Livestock Research for Rural Development 22 (4) 2010 Notes to Authors LRRD Newsletter

Citation of this paper

Effect of cassava hay supplementation to untreated rice straw and a mineral-urea block on growth rate of swamp buffaloes under small-holder conditions

K Souksamlane, P Ammaly and M Wanapat*

Livestock Research Center, National Agriculture and Forestry Research Institute,
Ministry of Agriculture and Forestry, Lao PDR
* Tropical Feed Resources Research and Development Center (TROFREC),
Faculty of Agriculture, Khon Kaen University, Khon Kaen 40002, Thailand


Eighteen male buffaloes 1.5 to 2 years of age and from 200 to 220 kg live weight were selected, one from each of 18 households. They were allocated equally to three groups (each group represented by 6 households). Each group of buffaloes grazed together in the day-time and were supplemented in the night-time according to the following treatments: Control: Rice straw; MUB: A mineral-urea block offered ad libitum plus rice straw; MUB-CH: MUB plus cassava hay at 0.5 kg/head/day plus rice straw.

Growth rates were improved 34% by supplementation with the mineral-urea block and by 250% when cassava hay was given together with the block.

Key words: Farmers, grazing, households, village


Live stock play an important role in rural livelihoods, especially as a major source of income for small-holder farmers; they also contribute to regional and national economies. They are found on over 90% of farms in Lao PDR. Buffaloes are especially important as they contribute to the sustainability of mixed crop-livestock farming systems. In 2003, the population of buffaloes in Lao PDR was 1.1 million (NAFRI, NAFES and NUOL 2005).  They are evenly distributed throughout the country and are generally associated with lowland rice production because of the need for draft power.

Buffaloes are generally fed on poor-quality roughages, which are also low in protein. (Chantalakkana 2001).  Rice straw is the most common roughage in Lao PDR, as it is available as the byproduct from crop cultivation. It is the main feed in the dry season when natural grasses are in short supply.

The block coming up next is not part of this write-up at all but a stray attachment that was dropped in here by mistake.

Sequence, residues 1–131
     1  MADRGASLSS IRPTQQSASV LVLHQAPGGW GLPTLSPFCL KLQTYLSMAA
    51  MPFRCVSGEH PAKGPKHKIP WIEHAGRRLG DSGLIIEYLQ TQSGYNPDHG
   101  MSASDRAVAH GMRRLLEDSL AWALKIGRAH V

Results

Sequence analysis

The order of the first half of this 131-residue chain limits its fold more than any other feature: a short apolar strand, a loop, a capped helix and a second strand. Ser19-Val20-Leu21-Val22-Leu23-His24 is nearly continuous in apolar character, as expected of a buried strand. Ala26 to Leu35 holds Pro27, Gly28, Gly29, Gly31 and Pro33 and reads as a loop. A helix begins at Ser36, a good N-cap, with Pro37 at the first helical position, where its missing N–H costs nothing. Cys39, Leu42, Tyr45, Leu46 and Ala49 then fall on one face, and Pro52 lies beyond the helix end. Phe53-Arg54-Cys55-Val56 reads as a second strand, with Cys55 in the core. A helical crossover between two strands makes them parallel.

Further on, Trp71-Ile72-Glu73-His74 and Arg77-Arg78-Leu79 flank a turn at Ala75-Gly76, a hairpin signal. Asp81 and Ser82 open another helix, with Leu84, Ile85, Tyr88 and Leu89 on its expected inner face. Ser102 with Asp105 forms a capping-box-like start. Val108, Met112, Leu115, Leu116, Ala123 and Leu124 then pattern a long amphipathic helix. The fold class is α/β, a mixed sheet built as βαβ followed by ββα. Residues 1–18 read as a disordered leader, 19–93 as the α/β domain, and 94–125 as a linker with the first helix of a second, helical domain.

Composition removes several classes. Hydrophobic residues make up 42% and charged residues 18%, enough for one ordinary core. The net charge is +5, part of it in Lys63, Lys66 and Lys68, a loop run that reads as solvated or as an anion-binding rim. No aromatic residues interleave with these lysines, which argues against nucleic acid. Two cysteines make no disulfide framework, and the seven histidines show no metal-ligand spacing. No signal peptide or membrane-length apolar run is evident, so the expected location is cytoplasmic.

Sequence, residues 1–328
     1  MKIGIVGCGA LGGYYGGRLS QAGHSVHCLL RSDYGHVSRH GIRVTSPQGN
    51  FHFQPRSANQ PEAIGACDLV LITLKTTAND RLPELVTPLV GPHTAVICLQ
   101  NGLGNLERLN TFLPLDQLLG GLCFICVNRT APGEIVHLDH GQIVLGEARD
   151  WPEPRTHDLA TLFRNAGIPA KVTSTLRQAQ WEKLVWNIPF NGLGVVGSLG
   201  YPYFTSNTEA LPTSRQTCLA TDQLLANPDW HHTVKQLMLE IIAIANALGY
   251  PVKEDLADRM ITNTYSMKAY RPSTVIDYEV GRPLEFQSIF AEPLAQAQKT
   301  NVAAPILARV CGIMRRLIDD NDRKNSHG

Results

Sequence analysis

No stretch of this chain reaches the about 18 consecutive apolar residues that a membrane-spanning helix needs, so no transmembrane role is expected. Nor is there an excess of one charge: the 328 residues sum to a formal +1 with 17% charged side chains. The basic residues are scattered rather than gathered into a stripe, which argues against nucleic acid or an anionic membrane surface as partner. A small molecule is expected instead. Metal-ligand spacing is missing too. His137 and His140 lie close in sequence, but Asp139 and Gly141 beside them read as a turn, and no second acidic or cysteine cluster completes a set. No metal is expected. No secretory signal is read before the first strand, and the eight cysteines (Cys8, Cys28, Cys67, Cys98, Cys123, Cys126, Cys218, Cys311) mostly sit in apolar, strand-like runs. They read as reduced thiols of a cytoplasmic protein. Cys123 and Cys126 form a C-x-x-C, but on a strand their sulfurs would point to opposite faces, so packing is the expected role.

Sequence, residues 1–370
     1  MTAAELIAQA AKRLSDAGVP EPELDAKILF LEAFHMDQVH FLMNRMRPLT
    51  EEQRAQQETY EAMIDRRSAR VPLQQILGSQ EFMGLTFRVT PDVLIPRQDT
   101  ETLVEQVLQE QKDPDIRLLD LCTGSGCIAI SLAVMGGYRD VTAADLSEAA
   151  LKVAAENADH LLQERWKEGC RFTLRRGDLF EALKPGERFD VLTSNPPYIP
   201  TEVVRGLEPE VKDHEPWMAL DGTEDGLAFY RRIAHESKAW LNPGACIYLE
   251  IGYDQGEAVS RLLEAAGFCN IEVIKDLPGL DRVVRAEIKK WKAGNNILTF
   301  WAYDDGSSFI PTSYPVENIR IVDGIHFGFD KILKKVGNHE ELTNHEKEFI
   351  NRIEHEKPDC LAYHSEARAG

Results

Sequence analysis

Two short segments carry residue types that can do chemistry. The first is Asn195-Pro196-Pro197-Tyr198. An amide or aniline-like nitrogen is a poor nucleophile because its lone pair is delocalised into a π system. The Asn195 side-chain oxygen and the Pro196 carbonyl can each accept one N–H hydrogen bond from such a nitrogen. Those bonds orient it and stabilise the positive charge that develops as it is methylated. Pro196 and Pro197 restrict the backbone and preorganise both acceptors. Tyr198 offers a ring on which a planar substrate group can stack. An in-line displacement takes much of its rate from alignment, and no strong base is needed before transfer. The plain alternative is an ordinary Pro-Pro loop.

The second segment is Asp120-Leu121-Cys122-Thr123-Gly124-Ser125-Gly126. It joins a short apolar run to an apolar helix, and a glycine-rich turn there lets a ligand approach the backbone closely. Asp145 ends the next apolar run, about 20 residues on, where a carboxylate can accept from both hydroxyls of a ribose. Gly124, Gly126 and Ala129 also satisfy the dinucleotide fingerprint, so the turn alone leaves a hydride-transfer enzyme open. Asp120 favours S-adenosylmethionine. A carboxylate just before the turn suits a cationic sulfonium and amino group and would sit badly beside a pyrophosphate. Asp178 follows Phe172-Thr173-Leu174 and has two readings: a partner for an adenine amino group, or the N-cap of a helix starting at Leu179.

Supplementation with rumen “nutrients” and bypass protein is the recommended strategy for improving utilization of cereal straw in ruminant diets (Preston and Leng 2009). A block containing fermentable nitrogen (urea) and minerals helps to satisfy the nutritional needs of rumen micro-organisms (Leng 1990), while cassava foliage has been shown to be a good source of bypass protein (Ffoulkes and Preston 1978; Wanapat et al 1997; Keo Sath et al 2007).

The objective of the present study was to compare the above feeding strategy with the free grazing system as basal diets for young, growing swamp buffaloes.

Materials and methods


The experiment was conducted in small-holder farms in Namkeng village, Nhachaytong district, about 40 km from Vientiane City. The climate in this area is characterized by the two seasons: dry and wet. The wet season is from May to October. Annual rainfall is from 1400 to 1800 mm, with the peak occurring in the period July to August. The average minimum and maximum temperatures are about 15 and 32oC, respectively.

Experimental design

Eighteen male buffaloes 1.5 to 2 years of age and from 200 to 220 kg live weight were selected, one from each of 18 households. They were allocated equally to three groups (each group represented by 6 households). Each group of buffaloes grazed together in the day-time (Photo 1), and were supplemented in the night-time according to the following treatments:

Photo 1. Buffaloes grazing on the road sides

The experiment lasted 120 days after 15 days for adaptation to the treatments. The animals were vaccinated against Foot and mouth disease, de-wormed with Invermectin and injected with vitamins A, D3 and E before the commencement of the experiment.